America’s Business Elite – Voracious Consumers of All Media

October 1, 2007

This article is included in these additional categories:

B2B | Financial Services | Household Income | Men | Television

America’s business elite – high-powered, highly influential senior executives, CEOs and other C-suite officers from midsize and large companies – have a ferocious appetite for quality business information, according to a new survey carried out by Ipsos Media.

Top business leaders are also media-savvy, acquiring the information that they need from a variety of media sources, including magazines and journals, the internet, and digital and satellite television, according to Ipsos Media’s business-elite survey.

America’s 630,000 senior business executives represent over 72,000 companies, the survey found. This group is responsible for over $1.7 trillion in annual expenditures – a figure greater than the gross domestic product of Italy, or that of Russia and Australia combined – and employ/oversee some 144 million people, approximately two-thirds of the US workforce – or half the nation’s adult population.

The survey also examines the typical business leader’s way of life:

  • They travel frequently, spend more nights in hotels, and are heavy users of technology as part of their work life.
  • They also enjoy the perks of their positions in their personal lives, valuing personal luxuries, the latest technical gadgets, and a high quality of life with their family and friends.
  • Compared with their European and Asian counterparts, American executives have a greater taste for personal material luxuries and claim a significantly higher net worth.

America’s business elite constitutes a formidable economic force:

  • On average, the individual annual income is approximately $408,000.
  • As a group, they garner a total combined annual income of $246 billion.
  • Their combined personal net worth is valued at over $1 trillion.

America’s business elite have a healthy appetite for information and media, in particular when the information helps them make better and more informed business decisions:

  • The internet is becoming a major source of information, with over two-thirds spending more time reading business information on the web than in the past.
  • Although executives view the internet as being a particularly good source for business news updates, only 7% are willing to pay for online business news.
  • Websites also prove to be important for improving a business publication’s overall offering, even more so than websites for TV channels:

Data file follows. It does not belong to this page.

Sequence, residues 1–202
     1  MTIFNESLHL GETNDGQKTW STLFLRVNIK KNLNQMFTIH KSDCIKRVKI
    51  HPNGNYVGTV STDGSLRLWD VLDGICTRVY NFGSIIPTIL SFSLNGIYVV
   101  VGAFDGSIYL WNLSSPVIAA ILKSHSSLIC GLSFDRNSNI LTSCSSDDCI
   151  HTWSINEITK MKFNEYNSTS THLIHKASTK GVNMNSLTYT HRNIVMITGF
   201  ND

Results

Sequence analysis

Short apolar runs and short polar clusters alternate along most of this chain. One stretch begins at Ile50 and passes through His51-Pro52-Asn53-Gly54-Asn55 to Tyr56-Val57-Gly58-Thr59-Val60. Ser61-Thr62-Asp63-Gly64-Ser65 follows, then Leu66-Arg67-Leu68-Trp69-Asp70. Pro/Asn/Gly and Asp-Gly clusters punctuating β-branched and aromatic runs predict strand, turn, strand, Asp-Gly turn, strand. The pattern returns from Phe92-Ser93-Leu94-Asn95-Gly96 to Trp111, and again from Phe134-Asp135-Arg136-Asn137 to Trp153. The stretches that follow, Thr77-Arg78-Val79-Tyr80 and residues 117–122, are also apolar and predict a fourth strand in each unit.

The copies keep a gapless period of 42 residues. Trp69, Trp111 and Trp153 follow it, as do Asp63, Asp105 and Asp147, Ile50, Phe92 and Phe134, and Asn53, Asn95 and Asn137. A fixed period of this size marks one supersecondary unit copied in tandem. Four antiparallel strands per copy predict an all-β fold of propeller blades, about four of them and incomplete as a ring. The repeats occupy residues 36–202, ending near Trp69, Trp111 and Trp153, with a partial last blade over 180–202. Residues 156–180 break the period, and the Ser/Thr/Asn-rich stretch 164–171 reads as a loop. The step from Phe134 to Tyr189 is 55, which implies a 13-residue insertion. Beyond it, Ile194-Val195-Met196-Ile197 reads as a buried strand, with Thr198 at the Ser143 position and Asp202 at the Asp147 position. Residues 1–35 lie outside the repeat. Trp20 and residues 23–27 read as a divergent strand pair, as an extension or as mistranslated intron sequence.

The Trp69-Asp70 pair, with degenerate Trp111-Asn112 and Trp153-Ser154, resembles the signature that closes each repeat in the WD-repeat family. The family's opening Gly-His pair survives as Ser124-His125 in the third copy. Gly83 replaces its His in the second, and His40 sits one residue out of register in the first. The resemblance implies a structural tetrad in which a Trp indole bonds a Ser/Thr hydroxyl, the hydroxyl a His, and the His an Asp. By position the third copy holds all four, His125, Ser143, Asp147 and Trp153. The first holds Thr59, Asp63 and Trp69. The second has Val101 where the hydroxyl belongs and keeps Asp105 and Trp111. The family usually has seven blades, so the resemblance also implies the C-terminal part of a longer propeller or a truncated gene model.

• Over three-quarters way a website is an important part of a business publication’s overall offering.
    • Only one-third say a website is an important part of a TV channel’s overall offering.

Other top-level findings related to media:

  • Nine in ten have read the last issue of a print medium.
  • Seven in ten have watched a Network TV channel in the previous day.
  • Six in ten have watched a Cable TV channel in the previous day.
  • Just over half went online in the previous day.
  • Seven in ten have received a daily email alert or newsletter in the last month.
  • Nearly half have streamed or watched a broadband video from computer in the last month.
  • One-third have read a blog in the last month, but only 5% have actually written a post.
  • Nearly a quarter have downloaded a podcast in the last month.

Portrait of the American Executive:

The survey shows the average American business leader is male, age 51, earns $408,000 per year, and has a personal net worth of $1.7 million. His key attitude toward business is one of sound management with a willingness to take calculated risks based on good, trustworthy information. Some key findings:

  • Nine out of ten say they like to keep up with the news.
  • Eight out of ten say they are not afraid to take business risks.
  • Seven out of ten agree that return on investment is a key factor in their business decisions.
  • Eight in ten claim their most senior managers play a major role in business purchasing decisions.
  • Nine in ten will do business only with companies with a favorable brand image, with five out of ten claiming those brands need to be well known.
  • Nine out of ten also say they are prepared to pay more for quality.
  • Eight out of ten claim to have good relationships with suppliers but are cautious when engaging in a relationship with a new supplier.

About the study: This is the second year for the business elite survey in the United States, a syndicated annual survey conducted by Ipsos Media with the top business leaders in the country. The survey has been conducted in Europe since 1973, and will be conducted on an annual basis in Europe, the USA, Asia, Japan, Australia, South America, and the Middle East.

Data for this study were collected by survey questionnaires dispatched by mail and available online beginning February 8, 2007, with returns accepted until July 27, 2007. A total of 2,390 responses were collected. This sample size can be used project the attitudes, behaviors, and consumption patterns of the survey universe, which comprises heads of function at midsize and large business and commercial establishments, defined as having 250 or more employees throughout the US. Some smaller companies, with 150-249 employees, were also included, providing that they met minimum turnover criteria, provisionally in excess of $40 million. The survey also includes national and regional head offices of banks with assets of $500 million or more and insurance companies with 150 or more employees.

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